As I mentioned earlier, much thought goes into the layout of the plants. Not only do you need to think about how big each plant will get, you also need to think about how you will be able to access them to say, string up your tomatoes or comfortably harvest the crop. Spacing is very important. I have spent the past 10+ years as a Landscape Architect determining the proper spacing of various plant material, but it takes great strength to refrain from overcrowding my vegetable garden. I always want more! (Solution: I am taking down a section of fence and adding another 80 square-feet.)
To complicate matters a bit further, some crops should be rotated each year. Tomatoes, peppers, eggplant, and potatoes are members of the nightshade family (Solanaceae), and should not be planted in the same location as the previous year (this includes other plants in the nightshade family as well). This helps prevent the build-up of microbes in the soil harmful to those specific plants.
Eliminating the Use of Pesticides
To eliminate the use of pesticides, we incorporate companion plants and use cultivars that are less susceptible to disease. (Cultivars are a hybrid of cross-pollinated similar species. Very different from GMOs (genetically modified organisms), but that is a blog for another time).Having species that are less susceptible to disease can reduce the number of pests, since pests typically will be attracted to and attack stressed plants. But, for the pests that will likely come to feast on any plant, planning for and planting companion plants can help. For example, bush beans will not only fix nitrogen (take nitrogen from the air and convert it to a form in the soil available for plant use), but if planted among eggplant, can also protect eggplant from the Colorado potato beetle. Similarly, planting garlic under a peach tree can repel peach tree borers. Or, planting marigolds in and around the garden discourages many harmful insects and nematodes. One can see how this can take a lot of planning, but really, you have all winter to do it.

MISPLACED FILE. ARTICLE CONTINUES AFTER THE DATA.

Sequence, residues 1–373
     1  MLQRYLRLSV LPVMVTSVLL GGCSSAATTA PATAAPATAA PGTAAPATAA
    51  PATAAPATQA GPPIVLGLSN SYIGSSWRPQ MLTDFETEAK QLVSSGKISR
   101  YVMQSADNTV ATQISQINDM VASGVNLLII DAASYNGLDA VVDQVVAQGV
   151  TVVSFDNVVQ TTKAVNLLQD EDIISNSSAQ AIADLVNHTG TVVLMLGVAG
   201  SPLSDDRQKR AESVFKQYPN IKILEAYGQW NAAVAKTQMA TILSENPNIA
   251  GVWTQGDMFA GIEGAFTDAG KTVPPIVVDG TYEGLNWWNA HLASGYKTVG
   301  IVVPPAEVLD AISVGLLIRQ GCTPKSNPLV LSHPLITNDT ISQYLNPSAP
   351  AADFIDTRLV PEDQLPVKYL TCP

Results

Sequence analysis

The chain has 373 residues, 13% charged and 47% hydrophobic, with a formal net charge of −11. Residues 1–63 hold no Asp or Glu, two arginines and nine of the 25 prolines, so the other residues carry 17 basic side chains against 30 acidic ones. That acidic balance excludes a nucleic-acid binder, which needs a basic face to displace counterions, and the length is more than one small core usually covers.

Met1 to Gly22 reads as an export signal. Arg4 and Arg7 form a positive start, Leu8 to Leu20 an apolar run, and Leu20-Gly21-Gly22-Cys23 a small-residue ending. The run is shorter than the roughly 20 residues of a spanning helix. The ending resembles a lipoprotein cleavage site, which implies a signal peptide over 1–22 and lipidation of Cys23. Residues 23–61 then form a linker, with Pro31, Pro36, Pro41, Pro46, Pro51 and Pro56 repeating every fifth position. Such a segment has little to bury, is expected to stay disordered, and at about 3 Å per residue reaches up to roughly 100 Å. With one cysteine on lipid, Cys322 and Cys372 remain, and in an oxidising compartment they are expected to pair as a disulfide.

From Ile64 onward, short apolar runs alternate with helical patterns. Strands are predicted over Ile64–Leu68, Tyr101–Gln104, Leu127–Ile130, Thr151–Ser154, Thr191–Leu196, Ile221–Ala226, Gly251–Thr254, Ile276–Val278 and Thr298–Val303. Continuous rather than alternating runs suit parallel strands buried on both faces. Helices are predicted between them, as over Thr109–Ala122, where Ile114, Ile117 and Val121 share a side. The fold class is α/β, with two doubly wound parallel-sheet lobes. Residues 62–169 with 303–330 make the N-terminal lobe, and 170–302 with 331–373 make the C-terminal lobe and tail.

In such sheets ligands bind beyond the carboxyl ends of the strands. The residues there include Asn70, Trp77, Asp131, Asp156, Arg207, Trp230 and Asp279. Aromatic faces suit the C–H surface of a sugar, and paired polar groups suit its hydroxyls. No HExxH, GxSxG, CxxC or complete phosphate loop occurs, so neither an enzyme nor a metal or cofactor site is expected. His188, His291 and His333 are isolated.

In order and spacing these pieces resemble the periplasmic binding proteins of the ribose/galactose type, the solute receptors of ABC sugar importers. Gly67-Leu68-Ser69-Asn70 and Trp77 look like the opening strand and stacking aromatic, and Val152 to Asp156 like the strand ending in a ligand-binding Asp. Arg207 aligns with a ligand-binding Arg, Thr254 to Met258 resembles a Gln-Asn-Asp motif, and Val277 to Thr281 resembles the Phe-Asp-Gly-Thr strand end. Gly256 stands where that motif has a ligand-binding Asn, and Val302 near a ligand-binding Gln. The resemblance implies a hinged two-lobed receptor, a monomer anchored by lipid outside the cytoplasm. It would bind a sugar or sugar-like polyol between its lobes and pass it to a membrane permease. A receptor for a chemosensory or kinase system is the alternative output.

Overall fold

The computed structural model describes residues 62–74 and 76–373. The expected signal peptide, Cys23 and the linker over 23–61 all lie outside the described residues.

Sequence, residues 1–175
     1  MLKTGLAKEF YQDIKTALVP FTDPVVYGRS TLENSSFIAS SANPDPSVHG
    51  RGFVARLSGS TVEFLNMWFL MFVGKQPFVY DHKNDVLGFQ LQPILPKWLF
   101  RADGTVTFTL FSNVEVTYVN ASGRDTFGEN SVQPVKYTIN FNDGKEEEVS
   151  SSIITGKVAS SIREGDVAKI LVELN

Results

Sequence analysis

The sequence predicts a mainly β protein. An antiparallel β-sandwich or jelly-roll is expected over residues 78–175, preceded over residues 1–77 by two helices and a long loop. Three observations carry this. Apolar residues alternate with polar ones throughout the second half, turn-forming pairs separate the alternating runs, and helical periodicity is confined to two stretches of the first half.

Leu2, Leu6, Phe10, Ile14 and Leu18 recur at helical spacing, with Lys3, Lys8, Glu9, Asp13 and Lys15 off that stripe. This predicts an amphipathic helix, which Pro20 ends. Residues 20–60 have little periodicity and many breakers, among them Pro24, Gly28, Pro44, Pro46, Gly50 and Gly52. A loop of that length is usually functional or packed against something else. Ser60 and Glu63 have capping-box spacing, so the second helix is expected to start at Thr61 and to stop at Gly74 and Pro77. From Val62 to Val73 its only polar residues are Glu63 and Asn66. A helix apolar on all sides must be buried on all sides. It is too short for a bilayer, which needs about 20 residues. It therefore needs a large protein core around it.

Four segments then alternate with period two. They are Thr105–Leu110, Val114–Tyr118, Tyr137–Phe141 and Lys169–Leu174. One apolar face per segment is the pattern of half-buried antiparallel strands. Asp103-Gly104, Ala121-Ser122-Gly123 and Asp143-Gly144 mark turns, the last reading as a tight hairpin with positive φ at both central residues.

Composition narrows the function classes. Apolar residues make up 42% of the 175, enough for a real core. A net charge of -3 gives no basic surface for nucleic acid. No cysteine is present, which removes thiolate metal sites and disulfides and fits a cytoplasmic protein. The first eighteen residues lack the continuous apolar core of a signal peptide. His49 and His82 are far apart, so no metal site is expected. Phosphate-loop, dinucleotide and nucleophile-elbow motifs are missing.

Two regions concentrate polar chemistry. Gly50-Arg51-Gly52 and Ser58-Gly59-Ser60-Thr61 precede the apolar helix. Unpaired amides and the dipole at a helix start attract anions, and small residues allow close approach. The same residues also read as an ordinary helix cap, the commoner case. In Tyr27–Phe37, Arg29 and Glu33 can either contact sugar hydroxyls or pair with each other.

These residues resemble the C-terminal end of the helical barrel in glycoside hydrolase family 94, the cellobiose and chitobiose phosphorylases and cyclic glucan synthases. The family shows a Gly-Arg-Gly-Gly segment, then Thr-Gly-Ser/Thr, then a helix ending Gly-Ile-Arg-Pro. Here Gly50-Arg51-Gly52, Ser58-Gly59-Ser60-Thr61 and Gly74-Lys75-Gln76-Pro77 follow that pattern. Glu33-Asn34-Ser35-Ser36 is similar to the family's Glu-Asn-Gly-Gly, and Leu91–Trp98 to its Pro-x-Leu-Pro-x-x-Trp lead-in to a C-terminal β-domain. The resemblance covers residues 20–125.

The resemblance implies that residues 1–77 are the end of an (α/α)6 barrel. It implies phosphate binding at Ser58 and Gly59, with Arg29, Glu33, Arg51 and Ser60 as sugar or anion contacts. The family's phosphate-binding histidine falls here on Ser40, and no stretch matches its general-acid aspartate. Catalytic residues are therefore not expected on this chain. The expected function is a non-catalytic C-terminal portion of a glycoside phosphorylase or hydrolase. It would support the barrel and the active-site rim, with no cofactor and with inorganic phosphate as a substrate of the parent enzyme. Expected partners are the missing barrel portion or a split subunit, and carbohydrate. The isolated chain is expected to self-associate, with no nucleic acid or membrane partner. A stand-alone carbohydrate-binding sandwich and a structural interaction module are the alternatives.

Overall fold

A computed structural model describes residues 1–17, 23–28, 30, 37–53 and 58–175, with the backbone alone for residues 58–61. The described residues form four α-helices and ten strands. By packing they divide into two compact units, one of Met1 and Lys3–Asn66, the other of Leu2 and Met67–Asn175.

Finally, to attract pollinators, we surrounded our garden with perennials native to the region;
Echinacea purpurea (purple coneflower), Liatris spicata (dense blazing star), Rudbeckia hirta (black-eyed Susan), Solidago sempervirens (seaside goldenrod), Eupatorium coelestinum (blue mistflower), and Monarda fistulosa (wild bergamot) to name a few. This not only attracts pollinators and enhances the aesthetics of the garden, but it also ties the garden space into the rest of the landscape.
New for us this season, we will be making compost tea. This is a process where compost is placed in a burlap sack, and soaked in water in the sun for a couple of days (same way you would make sun-tea I’d imagine, but less refreshing). Then we’ll use that tea to fertilize the plants. This is supposedly another great alternative to chemical fertilizers. Seems like it will be, but again, this garden is and has been a learn-by-doing process. So, we will see.
Reaping the Rewards
There is great satisfaction in having a successful garden; producing enough food to last for months, canning tomatoes to make gravy (yes, gravy), sharing our crop with family and neighbors, and knowing that it is done in an environmentally conscious way. However, the most rewarding aspect of all this is that is a family garden. Together we sow seeds, plant plants, and harvest our crop (my son is worse than the birds, eating every blueberry or strawberry he can pick). Though my grandfather has never seen my garden, and knowing how much he was a family man, I can be sure that he would be proud.
About the Author
Joseph Cherichello is a Certified Professional Landscape Architect with over ten years of experience in land development, emphasizing ecological design, urban forestry and stormwater management. He currently provides construction oversight and public access design for a 185-acre brownfield redevelopment and wetland restoration project.